It’s the time of the year when many similar stories surface announcing that this year’s class of graduating students will hold the most debt on record. Almost identical articles were written last year, and they will likely be written again next year.
Yes, the class of 2015 holds the unfortunate title of “most indebted class” and the numbers, as always, are frightening. More than 70 percent of students will graduate with debt, and those with debt will owe an average of more than $35,000.
This coverage brings attention to the challenges new graduates face in a post-collegiate life when saddled with so much debt. But by and large, these stories typically skim over, or fail to mention at all, who this debt is owed to and who has the power to address the student debt crisis. The answer might surprise you, as it’s the federal government – not Wall Street.
The U.S. Department of Education is responsible for roughly 85 percent of all student debt, issuing more than $100 billion in federal student loans every year, and owning about $1.1 trillion of the $1.3 trillion of outstanding student debt. The department currently holds enough assets to be one of the country’s 10 largest banks.
It’s a pretty lucrative business for them, as well. The Congressional Budget Office projects that the Department of Education will profit about $90 billion dollars off of student debt between 2016 and 2025.
Who else is profiting off of the most indebted class ever? The private contractors the Department of Education hires to service loans and collect on students’ debt. In 2014, Navient and NelNet reported earning $130 million and $124 million, respectively, off of these servicing contracts. In recent years, profiteering student loan servicers have come under greater public scrutiny for overcharging student debtors, failing to intervene in preventing student loan defaults, and discriminating against active duty servicemembers. Because of increasing criticism for failing to protect consumers from predatory servicers, the White House recently instructed the Department of Education to create solutions to these systemic problems.
As the chief lender, the Education Department has the means to offer considerable relief to the graduating class of 2015 and other student borrowers. Here are a few options:
- Notify all qualifying government workers and employees of non-profit organizations about Public Service Loan Forgiveness. This program allows men and women employed in the public service to have all of their federal student debt canceled after 10 years of payments (assuming they meet all qualifications of type of loan, repayment plan, and hours worked). This notable program is meant to incentivize a career in the public service. But out of the 33 million people estimated to be eligible for enrollment, only 222,000 are currently enrolled as of March 2015.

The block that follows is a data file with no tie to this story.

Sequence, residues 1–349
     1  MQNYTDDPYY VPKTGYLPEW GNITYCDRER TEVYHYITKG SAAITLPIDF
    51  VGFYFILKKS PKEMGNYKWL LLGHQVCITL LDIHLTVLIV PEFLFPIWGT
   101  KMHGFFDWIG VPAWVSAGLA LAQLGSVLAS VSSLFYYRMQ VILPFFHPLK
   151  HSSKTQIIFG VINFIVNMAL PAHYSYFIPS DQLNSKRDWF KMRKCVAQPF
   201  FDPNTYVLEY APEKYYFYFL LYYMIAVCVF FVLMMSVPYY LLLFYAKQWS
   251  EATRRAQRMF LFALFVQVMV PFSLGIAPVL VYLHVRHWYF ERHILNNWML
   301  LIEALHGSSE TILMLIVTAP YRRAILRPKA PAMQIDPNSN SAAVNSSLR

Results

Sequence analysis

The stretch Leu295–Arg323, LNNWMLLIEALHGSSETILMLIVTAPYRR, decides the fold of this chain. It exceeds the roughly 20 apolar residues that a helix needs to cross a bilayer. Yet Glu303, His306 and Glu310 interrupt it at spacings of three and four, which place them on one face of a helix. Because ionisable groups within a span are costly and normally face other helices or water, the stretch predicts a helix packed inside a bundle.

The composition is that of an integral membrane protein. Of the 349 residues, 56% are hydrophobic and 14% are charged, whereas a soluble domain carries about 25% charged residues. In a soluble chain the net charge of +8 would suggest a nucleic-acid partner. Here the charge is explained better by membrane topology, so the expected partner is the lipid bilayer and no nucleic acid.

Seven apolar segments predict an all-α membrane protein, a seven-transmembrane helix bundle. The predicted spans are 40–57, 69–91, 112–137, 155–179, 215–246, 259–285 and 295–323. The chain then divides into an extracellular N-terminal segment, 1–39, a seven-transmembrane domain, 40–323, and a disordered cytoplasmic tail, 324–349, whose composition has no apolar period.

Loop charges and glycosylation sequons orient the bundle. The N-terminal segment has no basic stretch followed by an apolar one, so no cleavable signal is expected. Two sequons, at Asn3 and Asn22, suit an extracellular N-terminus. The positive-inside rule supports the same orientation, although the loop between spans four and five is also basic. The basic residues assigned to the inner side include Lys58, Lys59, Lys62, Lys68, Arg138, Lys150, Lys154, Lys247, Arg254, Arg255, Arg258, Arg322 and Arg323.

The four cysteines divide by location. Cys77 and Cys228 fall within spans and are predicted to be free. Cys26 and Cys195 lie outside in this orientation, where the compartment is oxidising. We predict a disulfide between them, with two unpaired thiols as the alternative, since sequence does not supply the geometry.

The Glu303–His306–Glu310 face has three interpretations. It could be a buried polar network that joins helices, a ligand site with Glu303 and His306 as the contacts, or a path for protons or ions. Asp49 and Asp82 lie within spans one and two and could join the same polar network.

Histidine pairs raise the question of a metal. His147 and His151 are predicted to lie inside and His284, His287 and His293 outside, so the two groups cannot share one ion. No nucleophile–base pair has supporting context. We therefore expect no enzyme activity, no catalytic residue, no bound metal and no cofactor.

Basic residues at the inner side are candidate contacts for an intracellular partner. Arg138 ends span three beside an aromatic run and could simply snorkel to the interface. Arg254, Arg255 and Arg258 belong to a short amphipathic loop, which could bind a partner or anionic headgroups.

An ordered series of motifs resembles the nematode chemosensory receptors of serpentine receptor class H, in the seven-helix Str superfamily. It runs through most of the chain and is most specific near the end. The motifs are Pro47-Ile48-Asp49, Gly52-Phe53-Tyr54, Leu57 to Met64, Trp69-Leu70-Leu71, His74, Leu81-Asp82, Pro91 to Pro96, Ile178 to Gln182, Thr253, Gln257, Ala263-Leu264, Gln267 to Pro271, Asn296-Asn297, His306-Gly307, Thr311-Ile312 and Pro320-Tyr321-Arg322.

- Cancel illegitimate debt, like the debt accrued by 500,000 former Corinthian College students. Last month, Corinthian Colleges, the for-profit chain that includes campuses such as Heald College, announced that it was immediately shutting down over the weekend, leaving 16,000 of then-current students with boarded up campuses on Monday morning and without a degree and with millions in outstanding debt. Under federal law, if a student’s school closes, all of their debt should be canceled. Though it is within the department’s legal authority to cancel the debt owed by Corinthian College students who were wronged by the now bankrupt for-profit chain, it has yet to do so.
- Promote income-driven repayment plans that minimize how much student debtors are required to pay every month, rather than letting them slip into default. Depending on one’s income, borrowers enrolled in income-driven repayment plans can pay as little as $0 a month. Too many borrowers are unaware and uninformed about this lifeline program, and the consequences of falling behind on loan payments are devastating. Entering into default allows an individual’s wages, tax returns and social security to be garnished, and in many states can cause individuals to lose their professional licenses.
Millions of graduates are grappling with major life decisions tied to their debt—whether they can relocate or must live with their relatives, afford to buy or lease a car, take a meaningful job or a higher paying one that will allow them to better repay their debt. Without needing to rewrite any rules, the Department of Education can rewrite this new normal. Through these simple actions, the department can provide millions of graduates of the “most indebted class” and their families a fresh financial start and a real chance at building a great life without their student debt holding them back.